The Visible Supply Chain
Global trading is always in flux as ever-evolving trade policies make for a less predictable supply chain process. Learning to succeed on a global playing field is the most significant challenge for global organizations, particularly retailers. To trade and ship around the world, global organizations must contend with local legislative restrictions and tariffs, servicing specialized products for native customers and work with locally-based trading partners.
Retail brick-and-mortar stores have been challenged by a world where the globe is your selling floor and inventory is no longer limited to what you keep in the warehouse or on the shelves. Amazon, a company that has mastered the global supply chain, now finds itself more valuable than Wal-Mart despite only a third of its rival’s revenue earnings. The reason: Amazon has more than 300 plus million products available online while Wal-Mart only offers six million.
Still, mastering the global supply chain is rife with challenges. The potential challenges include bad data, price fluctuations in different countries and poor communication between buyers and sellers. A recent the University of Tennessee and Global Supply Chain Institute study concluded that businesses must solve an “information governance” problem. That problem is responsible for the cancellation of 60 percent of reported transactions per month because of data anomalies. As a result, the study said, properly navigating and governing the supply chain information flow is a critical priority.
Accept the New Supply Chain
Global organizations need to accept a new model to survive: one where there are essentially no limits to the products they offer, and few limits on where they can send items. Learning how to expand your product line intelligently boosts competition and business. Amazon, for example, has been aggressively pursuing vendors from India to its warehouses to serve bargain-hunters in North America.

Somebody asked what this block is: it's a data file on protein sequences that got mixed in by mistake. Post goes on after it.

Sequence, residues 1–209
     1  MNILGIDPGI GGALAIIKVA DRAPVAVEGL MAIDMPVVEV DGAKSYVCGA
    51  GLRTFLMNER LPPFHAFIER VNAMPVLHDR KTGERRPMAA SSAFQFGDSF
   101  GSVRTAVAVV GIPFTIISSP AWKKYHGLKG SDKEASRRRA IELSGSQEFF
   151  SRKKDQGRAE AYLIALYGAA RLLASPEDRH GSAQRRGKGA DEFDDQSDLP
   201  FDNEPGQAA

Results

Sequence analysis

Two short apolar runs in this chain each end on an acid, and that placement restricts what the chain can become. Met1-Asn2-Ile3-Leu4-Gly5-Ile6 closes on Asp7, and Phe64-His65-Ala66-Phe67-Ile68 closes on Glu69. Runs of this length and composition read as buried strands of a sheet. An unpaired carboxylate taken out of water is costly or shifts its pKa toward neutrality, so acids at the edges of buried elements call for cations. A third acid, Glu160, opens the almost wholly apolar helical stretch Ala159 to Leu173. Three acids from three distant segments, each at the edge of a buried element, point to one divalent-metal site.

At the same time, businesses with a global imprint need to master the challenges that a lack of borders creates: the need for compliance; varied shipping rules and correct fulfillment, packaging, and labeling to both domestic and foreign locations.
Better Visibility Needed for Global Business
If you handle global business, you must constantly monitor transactions, including shipping and trading data. Business is now conducted in real-time and global organizations need real-time supply chain visibility to identify problems and bottlenecks.
Supply chain dashboards can help businesses identify suppliers who can’t meet guidelines and fulfillment thresholds and provide insights into which products are in demand, in many cases by country or location, as well as view merchandise flow.
In an age of next or same-day shipping, shipment-tracking time is paramount. Supply chain managers must have complete visibility into what items have been shipped on time and what orders are still unfulfilled. Global supply chain visibility should enable supply chain and merchandising managers to identify trends based on order variances within a specified timeframe; continually update product information such as pictures, colors, sizes, weights and other specifications and support frequent synchronization of inventory with customers’ e-commerce platforms.
To enable global management of logistics and warehousing, electronic information must be shared securely with carriers, customs officials and freight companies including the capabilities to track items in warehouses, located in foreign sovereignties, and determine when supplies are low or overstocked.
Support Real-Time EDI Transactions
This is a critical step. To handle global business, visibility into the EDI (electronic data interchange) process is a must. An ERP (enterprise resource planner) adapter can help integrate transaction flows from your customers in your ERP system. Keeping a close eye on EDI also ensures you are correctly handling purchase order acknowledgments and invoice and advance shipment notices.
Package Logistics: Crucial for Global Trading
Ever receive a package from an exotic location that looks like it arrived via pony express? A lot can happen to a package that makes its way via drop shipment to a customer on the other side of the world. To support global trade, companies need to adapt processes, procedures, and relationships with vendors and be sure that their web services mesh with the major small parcel carriers in different locations, both foreign and domestic. The ability to monitor and adjust order flow is critical to the success of any e-commerce fulfillment process.
A compliance management system anticipates shipping problems using preemptive alerts when incomplete activities approach a violation threshold. These notifications help retailers keep customers happy by removing service-level issues before they become customer service complaints.
Thrive in a Changing Market
If you are a retailer, it is time to prepare for a world of limitless inventory–buying and selling products around the world–often shipping directly to a consumer’s home. The more companies use the tools available to them to solve recurring issues with e-commerce, the more they will be able to thrive regardless of borders or trade policies. Make sure you are taking the appropriate steps to not just compete but get ahead in this changing marketplace.